"The scars you can't see are the ones that hurt the most." -Michelle Hodkin, The Becoming of Noah Shaw
If you feel an urge to hurt yourself at times, you're not alone. Some studies have shown that as many as 20 percent of high-school students and 40 percent of college students have self-harmed at some point. Self-harm, or non-suicidal self-injury, includes things like cutting or burning your skin, banging your head against a wall, picking at wounds on your skin, or anything you feel an urge to do that causes damage to your body. But even though non-suicidal self-injury is common, especially for younger people, some people still have a hard time talking about it. And thanks to that silence, some of us don't realize that it's possible to replace self-harm with something else. Self-injury is meeting a need for you right now, otherwise you wouldn't feel that urge. But maybe there's another way to reach that same goal. To find out, you'll have to get curious.
Get curious – What need does self-harm meet for you?
The first step to replacing non-suicidal self-injury with something else is determining why you feel the desire to hurt yourself. What need is it meeting? Are you looking for a distraction from emotional pain? Feel uncomfortable in your body? Want to talk to someone, but don't have the words to start a conversation? "I know from experience that it does not work to simply replace self-harm without understanding what fuels the urges for the behavior," crisis counselor Lauren Coe writes in Psychology Today. She suggests that when you feel an urge to self-harm, you explore it carefully. Why do you want to harm yourself? What will you get out of it? "Thinking about these things will better prepare you to explore alternatives to self-harm," Coe says.
Get creative – How else can you meet that need?
Once you know what self-harm is doing for you, it's time to get creative. On your own, or with the help of a trusted friend or counselor, brainstorm ways to address your needs without causing damage. Want to talk to someone but don't know how to start a conversation? Try sending a text to a few people you trust that says "I feel like hurting myself, and I need someone to talk to. Can you help?" Or call/text the national suicide hotline to talk to someone right away. Need to feel something to distract you from emotional pain? Try snapping a rubber band against your wrist to distract you without causing lasting damage. Need to bang your head against a wall to relieve stress? Can you put a pillow between your head and the wall so you can bang without bruising?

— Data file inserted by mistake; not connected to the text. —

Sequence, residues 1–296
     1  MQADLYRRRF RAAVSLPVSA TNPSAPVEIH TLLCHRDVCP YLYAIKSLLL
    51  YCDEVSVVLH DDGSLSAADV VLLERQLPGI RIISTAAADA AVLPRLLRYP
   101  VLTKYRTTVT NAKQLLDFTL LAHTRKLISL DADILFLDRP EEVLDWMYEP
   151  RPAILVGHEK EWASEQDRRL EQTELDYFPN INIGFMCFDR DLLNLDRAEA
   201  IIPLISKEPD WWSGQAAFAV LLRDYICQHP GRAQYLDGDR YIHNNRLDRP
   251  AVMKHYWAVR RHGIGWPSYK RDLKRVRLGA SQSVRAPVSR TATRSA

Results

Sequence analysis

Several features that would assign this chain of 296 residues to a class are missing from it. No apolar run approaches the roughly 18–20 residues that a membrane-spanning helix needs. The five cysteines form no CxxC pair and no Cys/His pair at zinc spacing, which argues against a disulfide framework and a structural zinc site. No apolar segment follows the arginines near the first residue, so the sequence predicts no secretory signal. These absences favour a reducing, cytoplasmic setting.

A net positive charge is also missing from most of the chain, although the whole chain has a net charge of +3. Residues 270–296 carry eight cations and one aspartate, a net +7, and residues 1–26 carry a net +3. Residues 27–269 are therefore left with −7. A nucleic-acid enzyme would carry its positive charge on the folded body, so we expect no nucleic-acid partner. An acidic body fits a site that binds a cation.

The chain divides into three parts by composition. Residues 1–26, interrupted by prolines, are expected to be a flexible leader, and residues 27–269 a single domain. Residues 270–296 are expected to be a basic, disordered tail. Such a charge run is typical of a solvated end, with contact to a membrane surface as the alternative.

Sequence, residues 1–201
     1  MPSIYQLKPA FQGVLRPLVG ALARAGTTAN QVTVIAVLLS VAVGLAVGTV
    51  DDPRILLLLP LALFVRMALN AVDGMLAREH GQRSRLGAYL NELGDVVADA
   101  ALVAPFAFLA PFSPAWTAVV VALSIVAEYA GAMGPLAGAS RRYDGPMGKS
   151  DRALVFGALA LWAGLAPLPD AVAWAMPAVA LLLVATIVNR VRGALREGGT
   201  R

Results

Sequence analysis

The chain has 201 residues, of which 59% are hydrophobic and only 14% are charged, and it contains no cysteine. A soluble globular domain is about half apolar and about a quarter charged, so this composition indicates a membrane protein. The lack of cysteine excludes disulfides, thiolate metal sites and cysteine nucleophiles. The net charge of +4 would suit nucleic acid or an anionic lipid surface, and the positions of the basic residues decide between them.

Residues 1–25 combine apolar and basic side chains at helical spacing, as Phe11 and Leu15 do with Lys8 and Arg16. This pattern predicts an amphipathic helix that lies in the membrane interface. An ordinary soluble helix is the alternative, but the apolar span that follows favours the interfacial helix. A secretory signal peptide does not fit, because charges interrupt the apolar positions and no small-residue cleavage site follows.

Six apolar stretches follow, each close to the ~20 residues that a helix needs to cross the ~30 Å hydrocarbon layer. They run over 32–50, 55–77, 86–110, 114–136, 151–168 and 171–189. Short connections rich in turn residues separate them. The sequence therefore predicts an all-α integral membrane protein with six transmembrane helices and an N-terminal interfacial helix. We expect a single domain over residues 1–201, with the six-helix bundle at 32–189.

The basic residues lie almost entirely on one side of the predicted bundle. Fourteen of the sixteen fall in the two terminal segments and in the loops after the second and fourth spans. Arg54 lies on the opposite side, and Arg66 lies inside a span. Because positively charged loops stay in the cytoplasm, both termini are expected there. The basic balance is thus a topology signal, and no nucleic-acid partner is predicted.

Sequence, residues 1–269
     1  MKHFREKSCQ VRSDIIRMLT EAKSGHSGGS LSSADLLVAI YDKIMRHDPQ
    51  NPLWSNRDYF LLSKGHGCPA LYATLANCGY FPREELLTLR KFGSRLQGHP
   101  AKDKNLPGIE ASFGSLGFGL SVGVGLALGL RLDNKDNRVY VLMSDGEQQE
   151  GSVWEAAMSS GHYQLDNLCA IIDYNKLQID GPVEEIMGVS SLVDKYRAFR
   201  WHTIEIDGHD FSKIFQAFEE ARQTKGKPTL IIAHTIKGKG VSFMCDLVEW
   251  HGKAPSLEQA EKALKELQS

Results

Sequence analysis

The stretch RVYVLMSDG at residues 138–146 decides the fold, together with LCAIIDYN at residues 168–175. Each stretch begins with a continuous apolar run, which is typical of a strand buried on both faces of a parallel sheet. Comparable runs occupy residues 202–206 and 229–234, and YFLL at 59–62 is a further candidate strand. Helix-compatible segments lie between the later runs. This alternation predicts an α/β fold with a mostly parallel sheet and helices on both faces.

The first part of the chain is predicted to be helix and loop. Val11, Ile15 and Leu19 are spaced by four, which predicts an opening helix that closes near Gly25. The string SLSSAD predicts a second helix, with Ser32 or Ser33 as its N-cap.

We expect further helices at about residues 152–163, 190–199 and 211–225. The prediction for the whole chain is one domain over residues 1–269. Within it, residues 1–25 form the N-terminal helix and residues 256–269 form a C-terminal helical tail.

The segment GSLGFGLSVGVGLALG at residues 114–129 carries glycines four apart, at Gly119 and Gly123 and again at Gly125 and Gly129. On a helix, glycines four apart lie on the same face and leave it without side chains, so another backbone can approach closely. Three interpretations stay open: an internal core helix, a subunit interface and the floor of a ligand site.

Alternatives to Try – Find what is helpful
Remember, a replacement for self-harm will only work if it meets your specific needs, so not all these ideas will be right for you. Scan through them, and see if something makes sense. Or maybe, after reading our brainstorm, you'll come up with an idea of your own. It's OK if it takes a little time to find the right replacement for self-injury. You're making progress just by thinking about it, and that's something to celebrate!
Distract yourself for a while. The urge to harm comes and goes for most people, and if you can put it off when it's strong, it will get weaker, and then finally pass. Coe says if she can convince herself to wait for 20 minutes, her desire to harm will often lessen. You can distract yourself in many ways:
Engage your senses in a soothing way. Some people self-harm because they hurt inside and want to feel something physically. If that's you, maybe you can find a comforting way to engage your senses instead of a painful one. Here are some ideas:
Let out your anger. If self-harm is a way to relieve pent-up anger, look for other things you can do to release those feelings. A few ideas include:
Find a substitute sensation. If you can't seem to replace the experience of self-harming, try to replicate the sensation in ways that won't cause you lasting harm. Here are some options:
Cry. It's OK to cry. A wise person once said that "crying is how your heart speaks when your lips can't explain the pain you feel." There's nothing shameful about it. It's healthy and healing. Find a safe place and let it all out. If it helps, you can watch a sad movie, or play music to help the tears get started.
Write about how you feel. Get a journal, and when you feel an urge to harm yourself, write it down. For Coe, it helps to describe her feelings in detail. "Sometimes the urge to self-harm can feel like a volcano erupting in my entire body and other times it's like an annoying itch that won't go away. Either way, it's better to put these feelings into words rather than let them fester inside," she says.
Connect with someone you love. Sometimes, knowing that you're loved and cared about can make a big difference. Text or call a trusted friend you've picked out ahead of time. But have a plan in case your friends don't respond to your call or text. Remind yourself that they love you and that you've started the conversation, which is a positive step. Hugging a loved one or a pet can help too. Snuggle up with your cat or dog, pet them, and listen to the relaxing purring or panting sounds. The sensation can be very healing.
Move. If you're inside, go out for a walk. If you've been sitting on your couch, do some exercises. Put on a song and just jump around while you listen. Moving makes it harder to self-harm and might provide a welcome distraction.
Self-harming can feel unavoidable. It can seem like the only way to cope with what you're going through. But keep trying to find another option. Use this list as a starting point, and it's only the beginning. Talk to your doctor, your mental health professional, or friends that you trust about ideas that might work for you. Find a way to give your brain the release it needs, and let your body heal. You can do this. We have faith in you.